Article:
The incidence of enterococcal infections is increasing with the emergence of vancomycin-resistant strains. Enterococci are collectively the second most prevalent nosocomial isolate in the United States, representing more than 9 per cent. Enterococci were reported in 8 per cent of positive blood cultures taken because of suspected infection from a series of general and thoracic surgical patients, and represent an increasingly important cause of invasive burn wound infection.
Four enterococcal species can cause disease in humans. Enterococcus fecalis accounts for 85 per cent of isolates, whereas Enterococcus fecium accounts for 5 to 15 per cent of strains and Enterococcus casseliflavius and Enterococcus durans are rarely pathogens. Enterococcal infections may involve intra-abdominal or surgical wound foci, be complicated by bacteremia, or follow manipulation of the urinary tract, placement of intravascular catheters, or antibiotic therapy or prophylaxis with agents that are ineffective against enterococci (notably cephalosporin therapy).
The source of the enterococci in these infections is usually endogenous. Enterococci are part of the normal flora of colon, oropharynx, gallbladder, urethra, and the external female genitalia. The hospital environment may render endogenous flora more invasive. Antibiotic therapy may result in enterococcal overgrowth in fecal flora, with the potential for transmission by the fecal-oral route or by bacterial translocation.
However, there is evidence that extrinsically acquired strains of enterococci which may be resistant to aminoglycosides may cause disease, particularly in epidemic infections. Beta-lactamase production by gentamicin-resistant enterococci, the gene for which is in the same plasmid as that for gentamicin resistance, may make treatment of serious enterococcal infections with penicillins more difficult in the future.
Vancomycin resistance is troublesome. Approximately 15 per cent of enterococcal isolates in the United States are now resistant to vancomycin, with the vast majority being E. fecium. Alteration of the microbial ecology of the hospital by widespread use of vancomycin and third-generation cephalosporins has been implicated as an etiological factor. Patient-to-patient transfer by contaminated medical equipment has also been documented. Vancomycin-resistant strains are occasionally susceptible to ciprofloxacin or doxycycline, but the drugs are not bactericidal in clinically achievable concentrations in serum, and many strains now require chloramphenicol therapy. Vancomycin-resistant strains of enterococci are now widespread in hospitals, and are clearly present in the community in that they have been isolated from sewage and farm animals, including human foodstuffs.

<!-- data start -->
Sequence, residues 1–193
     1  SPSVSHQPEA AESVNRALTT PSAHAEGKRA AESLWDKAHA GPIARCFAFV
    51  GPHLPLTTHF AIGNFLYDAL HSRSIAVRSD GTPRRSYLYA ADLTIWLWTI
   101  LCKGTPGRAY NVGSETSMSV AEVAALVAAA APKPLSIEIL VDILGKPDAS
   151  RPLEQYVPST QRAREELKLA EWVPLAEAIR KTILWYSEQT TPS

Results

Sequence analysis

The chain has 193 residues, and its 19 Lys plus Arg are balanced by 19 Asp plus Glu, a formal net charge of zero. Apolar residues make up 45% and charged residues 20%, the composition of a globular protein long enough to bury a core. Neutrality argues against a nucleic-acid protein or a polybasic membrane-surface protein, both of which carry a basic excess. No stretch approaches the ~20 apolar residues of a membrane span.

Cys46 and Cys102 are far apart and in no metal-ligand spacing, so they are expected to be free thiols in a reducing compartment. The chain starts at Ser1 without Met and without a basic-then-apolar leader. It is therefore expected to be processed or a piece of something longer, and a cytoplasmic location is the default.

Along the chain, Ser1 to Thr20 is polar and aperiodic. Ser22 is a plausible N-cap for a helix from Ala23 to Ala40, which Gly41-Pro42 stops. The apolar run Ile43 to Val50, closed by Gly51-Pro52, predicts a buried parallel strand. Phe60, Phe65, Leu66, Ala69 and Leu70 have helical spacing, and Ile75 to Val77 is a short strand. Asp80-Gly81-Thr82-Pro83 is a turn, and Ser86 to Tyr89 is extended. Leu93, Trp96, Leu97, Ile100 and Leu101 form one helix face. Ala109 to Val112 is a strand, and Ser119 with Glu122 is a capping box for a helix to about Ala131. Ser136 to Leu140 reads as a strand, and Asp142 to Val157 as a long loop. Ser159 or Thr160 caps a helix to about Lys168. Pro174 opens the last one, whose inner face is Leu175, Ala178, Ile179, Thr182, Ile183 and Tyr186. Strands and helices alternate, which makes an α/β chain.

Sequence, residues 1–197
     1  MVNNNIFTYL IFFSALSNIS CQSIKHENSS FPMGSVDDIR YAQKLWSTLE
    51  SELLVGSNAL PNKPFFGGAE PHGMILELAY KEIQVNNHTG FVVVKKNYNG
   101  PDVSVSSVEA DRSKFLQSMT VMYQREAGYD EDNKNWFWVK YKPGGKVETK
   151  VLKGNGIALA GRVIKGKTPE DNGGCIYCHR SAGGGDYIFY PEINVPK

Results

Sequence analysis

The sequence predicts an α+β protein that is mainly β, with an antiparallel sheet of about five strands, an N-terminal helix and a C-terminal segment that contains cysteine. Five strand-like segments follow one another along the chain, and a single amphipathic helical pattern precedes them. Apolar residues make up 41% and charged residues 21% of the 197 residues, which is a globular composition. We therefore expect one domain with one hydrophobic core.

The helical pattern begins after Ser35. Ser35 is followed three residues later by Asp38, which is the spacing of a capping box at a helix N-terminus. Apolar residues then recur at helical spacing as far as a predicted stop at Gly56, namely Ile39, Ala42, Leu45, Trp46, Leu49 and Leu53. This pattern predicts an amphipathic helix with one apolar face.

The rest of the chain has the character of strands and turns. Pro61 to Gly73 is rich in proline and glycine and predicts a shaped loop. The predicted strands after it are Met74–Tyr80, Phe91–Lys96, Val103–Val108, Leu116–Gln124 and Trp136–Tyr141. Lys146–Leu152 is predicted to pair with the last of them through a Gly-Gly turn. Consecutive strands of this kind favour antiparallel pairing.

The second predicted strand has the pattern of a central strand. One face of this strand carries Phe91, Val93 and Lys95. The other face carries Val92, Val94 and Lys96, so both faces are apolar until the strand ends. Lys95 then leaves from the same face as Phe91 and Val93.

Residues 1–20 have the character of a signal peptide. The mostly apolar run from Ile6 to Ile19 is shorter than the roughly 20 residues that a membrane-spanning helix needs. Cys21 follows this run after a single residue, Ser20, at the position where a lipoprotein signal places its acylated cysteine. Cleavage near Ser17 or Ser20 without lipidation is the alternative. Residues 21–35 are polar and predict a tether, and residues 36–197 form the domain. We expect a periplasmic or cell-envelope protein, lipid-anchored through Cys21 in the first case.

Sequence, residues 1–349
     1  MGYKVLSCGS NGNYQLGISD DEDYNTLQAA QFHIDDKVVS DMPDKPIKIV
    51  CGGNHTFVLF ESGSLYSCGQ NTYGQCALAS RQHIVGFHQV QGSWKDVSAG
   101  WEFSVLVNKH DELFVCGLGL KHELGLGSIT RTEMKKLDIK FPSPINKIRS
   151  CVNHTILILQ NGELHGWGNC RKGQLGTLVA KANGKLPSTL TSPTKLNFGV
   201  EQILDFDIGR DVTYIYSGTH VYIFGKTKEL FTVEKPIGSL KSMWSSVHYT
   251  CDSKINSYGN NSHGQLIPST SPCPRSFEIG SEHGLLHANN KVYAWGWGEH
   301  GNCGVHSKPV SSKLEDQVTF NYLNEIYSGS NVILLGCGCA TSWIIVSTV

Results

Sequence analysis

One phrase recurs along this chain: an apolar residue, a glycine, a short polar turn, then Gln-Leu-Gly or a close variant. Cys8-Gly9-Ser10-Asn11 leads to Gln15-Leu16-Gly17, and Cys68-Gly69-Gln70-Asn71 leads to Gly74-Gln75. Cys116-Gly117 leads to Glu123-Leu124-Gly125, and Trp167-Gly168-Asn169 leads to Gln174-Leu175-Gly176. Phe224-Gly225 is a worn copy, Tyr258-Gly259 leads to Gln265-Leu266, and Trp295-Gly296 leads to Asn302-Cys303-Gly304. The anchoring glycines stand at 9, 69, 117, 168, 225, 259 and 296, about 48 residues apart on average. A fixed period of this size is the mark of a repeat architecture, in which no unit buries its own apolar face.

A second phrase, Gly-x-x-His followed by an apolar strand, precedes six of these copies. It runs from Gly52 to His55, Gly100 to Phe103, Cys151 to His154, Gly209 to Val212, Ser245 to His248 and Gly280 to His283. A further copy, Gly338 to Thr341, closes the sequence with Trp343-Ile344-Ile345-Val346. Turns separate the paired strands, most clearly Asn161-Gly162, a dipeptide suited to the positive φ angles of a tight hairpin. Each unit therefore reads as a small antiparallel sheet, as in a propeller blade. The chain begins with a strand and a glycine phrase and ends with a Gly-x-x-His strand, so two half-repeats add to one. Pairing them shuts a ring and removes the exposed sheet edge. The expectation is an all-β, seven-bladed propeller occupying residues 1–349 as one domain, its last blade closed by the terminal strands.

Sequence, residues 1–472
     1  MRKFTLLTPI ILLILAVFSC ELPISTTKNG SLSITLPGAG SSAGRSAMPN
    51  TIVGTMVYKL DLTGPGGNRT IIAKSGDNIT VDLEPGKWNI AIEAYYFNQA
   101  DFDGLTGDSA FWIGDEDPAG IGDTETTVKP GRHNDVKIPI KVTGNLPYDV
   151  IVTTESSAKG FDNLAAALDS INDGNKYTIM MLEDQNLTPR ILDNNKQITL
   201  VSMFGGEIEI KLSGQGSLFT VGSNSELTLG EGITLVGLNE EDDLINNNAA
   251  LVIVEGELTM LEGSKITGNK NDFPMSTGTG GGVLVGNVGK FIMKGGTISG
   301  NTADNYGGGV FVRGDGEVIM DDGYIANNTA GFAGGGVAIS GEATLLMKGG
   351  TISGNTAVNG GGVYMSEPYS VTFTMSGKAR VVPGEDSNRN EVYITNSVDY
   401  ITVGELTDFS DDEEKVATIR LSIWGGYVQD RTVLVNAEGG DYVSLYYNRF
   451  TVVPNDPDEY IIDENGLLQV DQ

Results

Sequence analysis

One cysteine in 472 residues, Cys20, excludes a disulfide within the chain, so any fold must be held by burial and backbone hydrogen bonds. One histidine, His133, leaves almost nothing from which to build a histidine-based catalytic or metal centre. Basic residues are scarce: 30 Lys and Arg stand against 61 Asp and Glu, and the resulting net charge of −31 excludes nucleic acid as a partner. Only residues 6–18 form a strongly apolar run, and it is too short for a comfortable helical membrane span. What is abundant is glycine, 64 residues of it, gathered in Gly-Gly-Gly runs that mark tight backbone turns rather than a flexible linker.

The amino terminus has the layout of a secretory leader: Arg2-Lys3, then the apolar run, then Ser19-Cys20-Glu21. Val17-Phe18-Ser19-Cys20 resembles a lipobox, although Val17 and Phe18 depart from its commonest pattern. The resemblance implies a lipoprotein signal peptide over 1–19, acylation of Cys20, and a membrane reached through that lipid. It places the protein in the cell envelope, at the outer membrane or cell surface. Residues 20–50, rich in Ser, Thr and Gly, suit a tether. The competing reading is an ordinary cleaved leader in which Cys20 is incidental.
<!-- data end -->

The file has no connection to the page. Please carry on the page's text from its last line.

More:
Surgical drainage or removal of infected vascular catheters or prostheses is the cornerstone of therapy for enterococcal infections involving a discrete focus, such as an abscess. Empirical therapy for Enterococcus in intra-abdominal, non-biliary, or non-urinary infections does not appear necessary in good-risk patients, nor is therapy necessary if Enterococcus is isolated from a good-risk patient who is untreated but doing well. However, specific antibacterial therapy against enterococci is warranted in many of the circumstances typified by the seriously ill patient. If the patient has had enterococci cultured previously during hospitalization or if the infection is nosocomial, particularly with previous gastrointestinal or genitourinary surgery or previous antibiotic therapy, a drug effective against enterococci should be included in the regimen for both proved and presumptive abdominal or pelvic infections, or for burn or surgical wound infections. This is particularly true in patients with valvular heart disease or a prosthetic heart valve. Enterococcal bacteremia due to a sensitive strain requires parenteral antibiotic therapy with ampicillin, an acylureidopenicillin, or vancomycin (only for penicillin-allergic patients). As enterococcal bacteremia is often polymicrobial, appropriate therapy should be directed against all isolates. Appropriate therapy clearly reduces mortality. All patients must be monitored closely for the development of endocarditis.
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